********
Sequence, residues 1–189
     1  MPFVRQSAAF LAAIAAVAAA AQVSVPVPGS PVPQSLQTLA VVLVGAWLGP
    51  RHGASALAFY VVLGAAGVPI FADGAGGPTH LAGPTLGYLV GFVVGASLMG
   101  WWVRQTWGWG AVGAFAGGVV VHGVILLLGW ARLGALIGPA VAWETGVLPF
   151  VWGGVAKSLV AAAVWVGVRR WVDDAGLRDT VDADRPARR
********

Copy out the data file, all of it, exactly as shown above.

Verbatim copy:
Sequence, residues 1–189
     1  MPFVRQSAAF LAAIAAVAAA AQVSVPVPGS PVPQSLQTLA VVLVGAWLGP
    51  RHGASALAFY VVLGAAGVPI FADGAGGPTH LAGPTLGYLV GFVVGASLMG
   101  WWVRQTWGWG AVGAFAGGVV VHGVILLLGW ARLGALIGPA VAWETGVLPF
   151  VWGGVAKSLV AAAVWVGVRR WVDDAGLRDT VDADRPARR